Any other military dependents?

anxiety
depression
adhdlife

#1

Hi all!

I recently got married (within the last 6 months) and my wife is active duty in the Army. Of course, now that I’m a dependent I am switching to TriCare (the military healthcare). My psychiatrist who I have been seeing for the past 3 years is not covered under my new insurance so I have to find a new psychiatrist, which is fine because I have been really unhappy with my current one. I recently went to my first consult at the military clinic so that I could start receiving my healthcare and also to get a referral for a therapist/ psychiatrist. The appointment was nearly an hour of me giving my life history, especially with regards to my mental health. I have been treated for anxiety and depression for the past 6 or so years and for ADHD for the past 3 years.

The doctor tried telling me that he thinks it is possible that the symptoms that I attribute to me having ADHD might just be symptoms of improperly treated anxiety and depression. I KNOW that I have ADHD because nothing has ever made more sense, but since I was good in school up until the second year or so of high school, he doubts it. Also, I am very much of the combined type ADHD, skewing more towards the inattentive side. I feel that so many physicians are not taking the care to keep up to date on the research of mental disorders (especially with ADHD) so if you were not bouncing off the walls hyperactive as a kid, you cannot POSSIBLY have ADHD.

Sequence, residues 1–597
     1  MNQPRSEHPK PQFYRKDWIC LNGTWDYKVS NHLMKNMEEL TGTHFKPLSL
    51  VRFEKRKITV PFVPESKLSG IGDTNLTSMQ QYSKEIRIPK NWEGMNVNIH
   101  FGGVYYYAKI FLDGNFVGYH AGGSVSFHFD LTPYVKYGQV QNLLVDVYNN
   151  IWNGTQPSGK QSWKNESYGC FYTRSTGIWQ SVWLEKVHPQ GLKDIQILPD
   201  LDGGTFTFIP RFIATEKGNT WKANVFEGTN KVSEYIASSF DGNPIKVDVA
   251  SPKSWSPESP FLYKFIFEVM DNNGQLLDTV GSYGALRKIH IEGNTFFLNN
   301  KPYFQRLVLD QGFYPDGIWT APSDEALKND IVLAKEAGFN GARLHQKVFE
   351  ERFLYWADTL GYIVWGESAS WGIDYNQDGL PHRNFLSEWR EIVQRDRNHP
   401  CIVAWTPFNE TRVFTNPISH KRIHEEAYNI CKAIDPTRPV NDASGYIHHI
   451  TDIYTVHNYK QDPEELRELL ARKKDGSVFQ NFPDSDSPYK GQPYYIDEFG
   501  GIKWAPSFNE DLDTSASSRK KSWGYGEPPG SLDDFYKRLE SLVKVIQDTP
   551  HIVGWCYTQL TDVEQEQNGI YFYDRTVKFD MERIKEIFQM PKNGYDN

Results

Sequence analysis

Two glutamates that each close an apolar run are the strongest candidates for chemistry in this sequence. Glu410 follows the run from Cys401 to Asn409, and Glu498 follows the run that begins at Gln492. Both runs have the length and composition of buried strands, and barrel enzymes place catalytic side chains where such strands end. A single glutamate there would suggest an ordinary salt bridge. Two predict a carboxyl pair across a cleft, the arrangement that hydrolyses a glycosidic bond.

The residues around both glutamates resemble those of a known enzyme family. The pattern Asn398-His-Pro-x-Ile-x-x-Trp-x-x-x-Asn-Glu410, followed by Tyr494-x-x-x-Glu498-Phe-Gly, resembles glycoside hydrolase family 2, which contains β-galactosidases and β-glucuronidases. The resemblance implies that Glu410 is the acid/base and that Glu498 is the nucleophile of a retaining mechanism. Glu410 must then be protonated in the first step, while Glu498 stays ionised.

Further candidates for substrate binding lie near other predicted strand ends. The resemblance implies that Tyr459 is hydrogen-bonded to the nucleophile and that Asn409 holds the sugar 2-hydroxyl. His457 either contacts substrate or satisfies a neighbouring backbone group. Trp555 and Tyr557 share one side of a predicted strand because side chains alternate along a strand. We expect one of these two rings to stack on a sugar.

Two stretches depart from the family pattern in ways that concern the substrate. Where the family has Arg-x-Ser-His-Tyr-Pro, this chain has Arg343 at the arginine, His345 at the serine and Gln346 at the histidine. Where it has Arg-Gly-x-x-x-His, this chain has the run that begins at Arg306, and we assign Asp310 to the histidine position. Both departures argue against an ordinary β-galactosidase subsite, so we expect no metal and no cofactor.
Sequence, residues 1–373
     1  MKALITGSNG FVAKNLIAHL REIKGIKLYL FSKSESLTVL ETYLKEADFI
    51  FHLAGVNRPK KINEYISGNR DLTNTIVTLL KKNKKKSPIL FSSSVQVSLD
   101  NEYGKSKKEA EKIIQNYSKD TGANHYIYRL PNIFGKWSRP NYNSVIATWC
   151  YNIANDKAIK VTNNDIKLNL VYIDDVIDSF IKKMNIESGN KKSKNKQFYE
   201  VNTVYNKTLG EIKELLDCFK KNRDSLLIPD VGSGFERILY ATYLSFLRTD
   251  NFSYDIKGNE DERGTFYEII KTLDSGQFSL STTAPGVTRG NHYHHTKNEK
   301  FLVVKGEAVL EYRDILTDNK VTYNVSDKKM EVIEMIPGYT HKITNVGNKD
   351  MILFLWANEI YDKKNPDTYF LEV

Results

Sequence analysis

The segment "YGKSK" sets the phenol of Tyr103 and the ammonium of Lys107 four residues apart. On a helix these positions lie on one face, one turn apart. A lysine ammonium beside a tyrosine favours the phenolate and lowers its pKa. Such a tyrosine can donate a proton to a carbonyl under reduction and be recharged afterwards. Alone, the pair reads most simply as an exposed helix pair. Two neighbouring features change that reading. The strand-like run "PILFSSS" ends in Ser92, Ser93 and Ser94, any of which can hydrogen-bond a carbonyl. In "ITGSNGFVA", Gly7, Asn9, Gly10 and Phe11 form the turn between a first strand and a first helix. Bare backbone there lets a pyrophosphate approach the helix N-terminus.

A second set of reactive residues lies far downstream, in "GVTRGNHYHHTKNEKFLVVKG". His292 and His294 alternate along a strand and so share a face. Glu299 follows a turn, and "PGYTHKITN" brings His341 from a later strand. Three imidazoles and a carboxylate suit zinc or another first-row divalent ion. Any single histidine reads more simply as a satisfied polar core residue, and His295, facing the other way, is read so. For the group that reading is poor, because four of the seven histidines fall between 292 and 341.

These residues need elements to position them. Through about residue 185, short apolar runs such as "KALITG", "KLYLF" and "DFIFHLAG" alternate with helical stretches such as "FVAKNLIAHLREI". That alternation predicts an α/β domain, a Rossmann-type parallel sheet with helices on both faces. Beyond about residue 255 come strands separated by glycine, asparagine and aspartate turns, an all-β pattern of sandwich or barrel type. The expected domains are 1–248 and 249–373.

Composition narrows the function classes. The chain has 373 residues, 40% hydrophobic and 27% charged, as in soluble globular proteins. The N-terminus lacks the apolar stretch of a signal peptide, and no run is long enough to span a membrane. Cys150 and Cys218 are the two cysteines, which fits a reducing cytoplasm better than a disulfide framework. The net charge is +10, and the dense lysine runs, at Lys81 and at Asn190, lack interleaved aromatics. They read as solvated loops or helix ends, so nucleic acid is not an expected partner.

If you have read this far, I am very impressed. But what I’m getting at with this long rant is…

Are there any other military dependents who have had this same issue? I know from experience with my wife, that the military is very dismissive and ignorant when it comes to mental disorders. How did you get around this issue? Is there hope, or are all military physicians like this?

Thanks!!!
Tess


#2

Sorry, not connected to the military but wanted to show some support.

On the one hand I suppose it’s a good thing that a doctor engages his/her brain rather than blindly issuing meds but on the other hand:

Professionals? What’s the point of being a trained and registered doctor if even your colleagues think your diagnosis is ‘just an opinion’? Oh. Poop. I guess that’s why it’s called ‘getting a second opinion’… But that’s different, that’s when the patient isn’t satisfied with the answer.

It doesn’t sound great, in any case. Can you ask them to contact your previous doctor?

Good luck!

Oh, and congratulations by the way :smile:


#3

You can request a second opinion or a change of Primary Care Manager (PCM). Unfortunately, under Tricare you have to have the referral from your PCM to see a specialist, like a psychologist or psychiatrist. Next time, tell them what they want to hear so you can get the referral and have a specialist diagnose you. You bounced off of the walls, got kicked out of schools for being too active, etc.


#4

Hey, Tess.

It can definitely be frustrating when your doctor is dismissive. I’m an Army sergeant first class, so I have quite a bit of experience navigating the military health care system.

First thing to know is that you always have the right to a second opinion. When you make your appointment, you can request not to see the same doctor. If you are having issues getting seen by someone else, you can call the patient advocate for your medical facility. He/she should be able to help you get seen by another on base provider if they have one, or get you referred out to someone else locally.